NAIROBI, Kenya (CNN) -- She burst on the music scene as one-third of Destiny's Child, the highest-selling female group of all time.
Kelly Rowland took an AIDS test in a tiny counseling room in a Kenyan hospital.
And then she proved it doesn't take three to make hits. Sassy Kelly Rowland showed the world she could go it alone and still hit No. 1 on the charts.
But now this Grammy-winning R&B sensation is using her considerable charm and charisma to take on the scourge of AIDS.
She is the first ambassador for MTV's Staying Alive Foundation, which works to empower young people to protect them against AIDS.
In silver high heels and a sundress, Rowland arrived Thursday at the Kenyatta Hospital in downtown Nairobi, Kenya, to take a public stand against stigma and undergo an HIV test. "For me, knowing your status is glamorous because then you get to carry that with you and you get to protect yourself," she said.
Rowland and 22-year-old Kenyan John Ngugi took the test together in a tiny counseling room at the testing center at this public hospital. He also wanted to know his status, but he couldn't suppress a large grin at times sitting next to such star power. Watch CNN's David McKenzie report on Rowland's trip »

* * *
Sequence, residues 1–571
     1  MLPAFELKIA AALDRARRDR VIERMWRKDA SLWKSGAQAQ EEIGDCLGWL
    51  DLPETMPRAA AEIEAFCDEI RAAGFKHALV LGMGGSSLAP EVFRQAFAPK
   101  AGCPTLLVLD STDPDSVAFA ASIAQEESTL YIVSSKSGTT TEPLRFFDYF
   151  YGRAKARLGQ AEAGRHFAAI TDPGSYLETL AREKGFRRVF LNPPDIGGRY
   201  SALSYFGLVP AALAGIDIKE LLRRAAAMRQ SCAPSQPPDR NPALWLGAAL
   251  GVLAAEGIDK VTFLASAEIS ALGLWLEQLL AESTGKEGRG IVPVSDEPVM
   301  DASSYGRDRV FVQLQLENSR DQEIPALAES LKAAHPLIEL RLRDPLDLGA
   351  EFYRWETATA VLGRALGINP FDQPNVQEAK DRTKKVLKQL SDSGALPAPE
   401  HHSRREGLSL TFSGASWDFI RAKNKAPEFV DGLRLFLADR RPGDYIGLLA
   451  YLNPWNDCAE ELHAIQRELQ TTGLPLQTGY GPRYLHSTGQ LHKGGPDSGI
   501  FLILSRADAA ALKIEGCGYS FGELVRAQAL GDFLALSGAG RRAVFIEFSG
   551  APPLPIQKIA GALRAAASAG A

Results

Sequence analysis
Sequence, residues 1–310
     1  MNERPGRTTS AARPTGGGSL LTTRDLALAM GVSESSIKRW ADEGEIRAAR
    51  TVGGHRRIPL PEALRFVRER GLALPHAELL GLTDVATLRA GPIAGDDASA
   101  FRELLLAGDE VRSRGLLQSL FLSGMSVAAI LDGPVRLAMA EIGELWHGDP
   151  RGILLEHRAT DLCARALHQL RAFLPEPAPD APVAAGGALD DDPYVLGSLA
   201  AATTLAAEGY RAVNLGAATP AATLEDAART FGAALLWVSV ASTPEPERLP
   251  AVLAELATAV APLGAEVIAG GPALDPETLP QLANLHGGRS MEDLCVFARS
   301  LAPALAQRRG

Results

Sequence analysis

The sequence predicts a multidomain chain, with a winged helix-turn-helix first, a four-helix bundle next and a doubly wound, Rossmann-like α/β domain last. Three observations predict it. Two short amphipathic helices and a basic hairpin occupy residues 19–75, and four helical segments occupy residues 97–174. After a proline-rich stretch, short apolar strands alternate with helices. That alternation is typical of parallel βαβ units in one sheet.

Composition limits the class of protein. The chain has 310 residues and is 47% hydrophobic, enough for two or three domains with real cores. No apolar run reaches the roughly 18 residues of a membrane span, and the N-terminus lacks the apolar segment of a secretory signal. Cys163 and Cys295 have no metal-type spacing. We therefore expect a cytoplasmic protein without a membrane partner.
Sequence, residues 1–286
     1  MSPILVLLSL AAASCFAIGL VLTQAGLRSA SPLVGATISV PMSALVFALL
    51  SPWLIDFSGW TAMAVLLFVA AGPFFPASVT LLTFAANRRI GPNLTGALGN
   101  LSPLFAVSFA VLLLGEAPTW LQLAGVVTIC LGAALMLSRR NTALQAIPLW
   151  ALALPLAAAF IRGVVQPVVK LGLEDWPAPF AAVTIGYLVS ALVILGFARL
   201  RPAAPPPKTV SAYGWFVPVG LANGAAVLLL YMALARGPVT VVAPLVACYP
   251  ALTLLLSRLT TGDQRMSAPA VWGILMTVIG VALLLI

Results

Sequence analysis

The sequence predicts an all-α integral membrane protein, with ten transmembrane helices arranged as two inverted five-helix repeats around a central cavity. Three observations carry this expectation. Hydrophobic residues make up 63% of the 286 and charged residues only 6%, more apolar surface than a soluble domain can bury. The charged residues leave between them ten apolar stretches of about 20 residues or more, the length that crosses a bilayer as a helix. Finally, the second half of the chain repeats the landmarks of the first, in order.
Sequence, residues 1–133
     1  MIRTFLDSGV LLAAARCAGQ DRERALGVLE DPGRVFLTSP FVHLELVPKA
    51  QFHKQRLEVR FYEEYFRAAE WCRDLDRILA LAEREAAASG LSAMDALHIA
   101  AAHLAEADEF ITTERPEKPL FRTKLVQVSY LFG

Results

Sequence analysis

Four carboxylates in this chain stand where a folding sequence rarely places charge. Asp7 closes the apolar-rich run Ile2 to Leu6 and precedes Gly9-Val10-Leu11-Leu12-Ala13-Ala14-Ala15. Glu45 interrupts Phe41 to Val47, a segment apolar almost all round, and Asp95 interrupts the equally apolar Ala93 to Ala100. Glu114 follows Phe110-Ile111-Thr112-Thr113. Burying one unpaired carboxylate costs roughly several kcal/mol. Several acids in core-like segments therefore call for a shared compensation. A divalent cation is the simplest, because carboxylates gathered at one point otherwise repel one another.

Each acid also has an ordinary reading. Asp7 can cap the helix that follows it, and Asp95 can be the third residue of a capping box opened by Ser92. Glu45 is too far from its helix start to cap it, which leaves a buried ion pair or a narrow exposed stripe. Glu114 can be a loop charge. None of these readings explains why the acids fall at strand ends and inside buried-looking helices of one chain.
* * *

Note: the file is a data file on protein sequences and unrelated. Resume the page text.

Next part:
"As a young person from Mathare slum and having a super star to actually have a test with," said Ngugi, "It is just a big promise for me and a big promise for my community and I am just grateful for the test."
Like much of Africa, Kenya struggles with the AIDS pandemic. UNAIDS, the joint United Nations Programme on HIV/AIDS, estimates that more than 22 million adults and children are living with HIV on the continent. And it strikes the youth hardest.
"You could take a situation like having HIV and think of it as having a disability and think of it as something that is going to bring you down," said Rowland, "but I have met kids and young people that are just so inspiring. They inspire me."
In Kenya, as in many parts of Africa, people are often afraid to take an HIV test for fear of being stigmatized. In Kenya, antiretroviral drugs are free for HIV-positive people, but many people would rather not know whether they are HIV positive for fear of facing discrimination in the workplace and in the community.
And so Kelly Rowland has added her voice to the campaign to help end the suffering of so many victims.
"It's killing us as people and I think above anything these numbers aren't changing," she said. "The more that I get involved, you get everybody out there ... involved, then hopefully we can see a change -- a big change."
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